The effect of education on adult mortality and disability: a global perspective
AbstractContemporary research primarily in the West offers a strong case for the relationship between formal education and adult health; more education, measured either by level completed or years of schooling, is associated, often in a stepwise fashion, with lower levels of mortality, morbidity and disability. In this study, we attempt to provide a global assessment of that relationship as it pertains to adult disability, using sample data from 70 countries that participated in the World Health Survey. In each of five regions and some of the largest countries outside the West we find that an increase in formal education is associated with lower levels of disability in both younger and older adults. Using the regional education-based differentials and several estimates of growth in education levels, we project levels of disability to 2050 to estimate the health and human capital benefits obtained from investments in education. We find that considering education in the population projection consistently shows lower prevalence of disability in the future, and that scenarios with better education attainment lead to lower prevalence. It is apparent that the educational dividend identified in our projection scenario should be an important policy goal, which, if anything, should be more speedily advanced in those countries and regions that have the greatest need.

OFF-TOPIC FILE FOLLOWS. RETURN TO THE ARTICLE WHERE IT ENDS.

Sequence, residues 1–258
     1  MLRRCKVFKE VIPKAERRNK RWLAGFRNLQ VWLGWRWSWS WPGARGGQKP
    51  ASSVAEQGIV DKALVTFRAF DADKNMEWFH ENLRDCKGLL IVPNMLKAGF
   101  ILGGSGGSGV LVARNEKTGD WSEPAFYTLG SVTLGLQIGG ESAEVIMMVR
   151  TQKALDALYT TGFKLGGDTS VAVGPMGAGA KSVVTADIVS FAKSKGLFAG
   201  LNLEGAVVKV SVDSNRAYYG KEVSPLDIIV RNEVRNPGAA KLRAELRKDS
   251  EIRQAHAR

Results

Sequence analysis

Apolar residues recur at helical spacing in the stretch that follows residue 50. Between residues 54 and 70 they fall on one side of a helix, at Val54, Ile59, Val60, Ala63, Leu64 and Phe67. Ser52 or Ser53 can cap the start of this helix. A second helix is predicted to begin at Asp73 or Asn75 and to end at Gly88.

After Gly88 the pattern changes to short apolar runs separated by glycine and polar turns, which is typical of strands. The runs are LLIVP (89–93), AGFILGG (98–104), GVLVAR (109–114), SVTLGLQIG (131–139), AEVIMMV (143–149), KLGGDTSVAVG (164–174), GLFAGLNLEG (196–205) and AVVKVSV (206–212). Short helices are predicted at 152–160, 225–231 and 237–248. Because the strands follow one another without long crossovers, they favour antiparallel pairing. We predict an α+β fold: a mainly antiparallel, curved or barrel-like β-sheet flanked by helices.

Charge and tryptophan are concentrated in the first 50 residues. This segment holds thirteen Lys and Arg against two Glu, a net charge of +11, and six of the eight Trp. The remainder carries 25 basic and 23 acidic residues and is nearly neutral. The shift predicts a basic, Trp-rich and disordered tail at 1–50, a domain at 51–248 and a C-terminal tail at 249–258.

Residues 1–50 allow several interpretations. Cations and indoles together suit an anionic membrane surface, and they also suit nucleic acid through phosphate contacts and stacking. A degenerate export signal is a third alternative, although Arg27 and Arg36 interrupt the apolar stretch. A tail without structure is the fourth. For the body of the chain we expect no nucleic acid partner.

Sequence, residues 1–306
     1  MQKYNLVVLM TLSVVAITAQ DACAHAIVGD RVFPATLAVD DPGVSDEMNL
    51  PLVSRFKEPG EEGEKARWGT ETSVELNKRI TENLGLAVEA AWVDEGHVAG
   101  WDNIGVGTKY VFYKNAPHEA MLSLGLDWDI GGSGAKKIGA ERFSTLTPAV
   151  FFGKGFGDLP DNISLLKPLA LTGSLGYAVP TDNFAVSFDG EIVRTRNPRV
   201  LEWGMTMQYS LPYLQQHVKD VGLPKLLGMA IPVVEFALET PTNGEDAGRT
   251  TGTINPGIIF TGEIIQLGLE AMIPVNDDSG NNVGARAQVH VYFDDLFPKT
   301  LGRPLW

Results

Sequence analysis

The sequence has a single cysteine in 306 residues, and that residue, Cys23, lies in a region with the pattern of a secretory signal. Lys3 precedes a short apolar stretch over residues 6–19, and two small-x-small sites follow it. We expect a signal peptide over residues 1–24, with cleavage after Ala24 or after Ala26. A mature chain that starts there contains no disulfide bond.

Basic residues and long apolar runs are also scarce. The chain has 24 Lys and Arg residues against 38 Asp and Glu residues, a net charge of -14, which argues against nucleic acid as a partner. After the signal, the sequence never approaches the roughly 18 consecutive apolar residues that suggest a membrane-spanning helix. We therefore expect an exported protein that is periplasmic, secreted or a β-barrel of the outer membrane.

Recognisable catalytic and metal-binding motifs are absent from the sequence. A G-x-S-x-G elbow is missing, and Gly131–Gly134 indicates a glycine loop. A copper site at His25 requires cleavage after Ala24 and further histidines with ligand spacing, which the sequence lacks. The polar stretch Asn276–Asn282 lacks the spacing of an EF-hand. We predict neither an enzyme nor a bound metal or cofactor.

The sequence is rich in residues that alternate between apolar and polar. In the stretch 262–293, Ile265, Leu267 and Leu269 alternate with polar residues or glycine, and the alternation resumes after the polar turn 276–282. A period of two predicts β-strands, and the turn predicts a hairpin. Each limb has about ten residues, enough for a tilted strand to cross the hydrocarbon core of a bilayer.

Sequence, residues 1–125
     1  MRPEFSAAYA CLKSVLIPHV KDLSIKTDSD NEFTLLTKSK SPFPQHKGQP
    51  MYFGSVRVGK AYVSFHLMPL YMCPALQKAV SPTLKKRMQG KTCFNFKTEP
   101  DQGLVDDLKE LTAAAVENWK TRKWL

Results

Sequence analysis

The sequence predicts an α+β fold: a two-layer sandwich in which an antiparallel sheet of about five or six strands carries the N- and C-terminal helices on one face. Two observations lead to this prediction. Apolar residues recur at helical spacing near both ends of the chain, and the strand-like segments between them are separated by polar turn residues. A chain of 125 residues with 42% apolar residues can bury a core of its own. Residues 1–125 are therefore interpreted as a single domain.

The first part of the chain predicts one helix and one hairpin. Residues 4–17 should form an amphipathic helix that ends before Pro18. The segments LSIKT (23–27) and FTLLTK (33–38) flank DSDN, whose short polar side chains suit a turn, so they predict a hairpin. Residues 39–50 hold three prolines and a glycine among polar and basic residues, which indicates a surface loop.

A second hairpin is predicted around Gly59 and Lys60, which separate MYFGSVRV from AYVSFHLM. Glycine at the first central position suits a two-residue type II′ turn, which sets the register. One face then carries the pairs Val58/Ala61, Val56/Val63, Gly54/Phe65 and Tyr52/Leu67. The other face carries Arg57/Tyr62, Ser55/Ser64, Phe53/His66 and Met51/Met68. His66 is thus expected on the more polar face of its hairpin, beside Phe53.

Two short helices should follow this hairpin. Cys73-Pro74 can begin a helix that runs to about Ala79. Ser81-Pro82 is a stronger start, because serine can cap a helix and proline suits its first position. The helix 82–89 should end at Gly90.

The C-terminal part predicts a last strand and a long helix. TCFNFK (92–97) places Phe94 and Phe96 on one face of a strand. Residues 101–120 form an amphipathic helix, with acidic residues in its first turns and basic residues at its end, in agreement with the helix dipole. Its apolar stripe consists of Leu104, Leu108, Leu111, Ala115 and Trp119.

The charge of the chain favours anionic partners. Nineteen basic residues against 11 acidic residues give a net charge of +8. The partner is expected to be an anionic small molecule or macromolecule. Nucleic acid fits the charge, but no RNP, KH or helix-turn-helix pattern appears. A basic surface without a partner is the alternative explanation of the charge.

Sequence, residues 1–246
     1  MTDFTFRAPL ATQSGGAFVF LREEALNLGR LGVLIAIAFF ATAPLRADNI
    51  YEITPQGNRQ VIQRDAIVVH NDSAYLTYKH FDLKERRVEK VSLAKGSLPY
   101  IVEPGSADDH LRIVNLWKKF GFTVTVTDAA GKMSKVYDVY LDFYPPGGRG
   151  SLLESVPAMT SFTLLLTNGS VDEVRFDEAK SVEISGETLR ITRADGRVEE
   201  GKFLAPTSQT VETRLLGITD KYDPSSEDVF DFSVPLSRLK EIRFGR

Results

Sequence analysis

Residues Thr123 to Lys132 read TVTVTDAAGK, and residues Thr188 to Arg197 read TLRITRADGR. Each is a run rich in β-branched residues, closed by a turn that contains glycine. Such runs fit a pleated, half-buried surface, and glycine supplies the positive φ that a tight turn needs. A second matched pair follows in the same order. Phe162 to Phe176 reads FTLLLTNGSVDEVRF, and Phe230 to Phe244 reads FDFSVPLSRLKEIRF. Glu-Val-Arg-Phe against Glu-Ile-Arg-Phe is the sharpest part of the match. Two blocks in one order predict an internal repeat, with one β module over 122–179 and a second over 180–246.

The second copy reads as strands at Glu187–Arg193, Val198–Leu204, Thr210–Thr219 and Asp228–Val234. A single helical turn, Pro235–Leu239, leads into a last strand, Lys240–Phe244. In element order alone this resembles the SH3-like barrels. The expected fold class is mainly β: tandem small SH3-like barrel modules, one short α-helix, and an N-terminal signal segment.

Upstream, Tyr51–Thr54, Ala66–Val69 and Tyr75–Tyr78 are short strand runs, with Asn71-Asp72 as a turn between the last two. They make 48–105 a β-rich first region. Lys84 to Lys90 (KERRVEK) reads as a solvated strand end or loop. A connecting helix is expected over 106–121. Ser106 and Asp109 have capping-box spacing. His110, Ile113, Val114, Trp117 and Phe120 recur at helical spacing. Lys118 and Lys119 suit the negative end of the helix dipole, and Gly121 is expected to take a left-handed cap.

Download InfoIf you experience problems downloading a file, check if you have the proper application to view it first. In case of further problems read the IDEAS help page. Note that these files are not on the IDEAS site. Please be patient as the files may be large.
Bibliographic InfoArticle provided by Vienna Institute of Demography (VID) of the Austrian Academy of Sciences in Vienna in its journal Vienna Yearbook of Population Research.
Volume (Year): 8 (2010)
Issue (Month): 1 ()
Contact details of provider:
Web page: http://www.oeaw.ac.at/vid/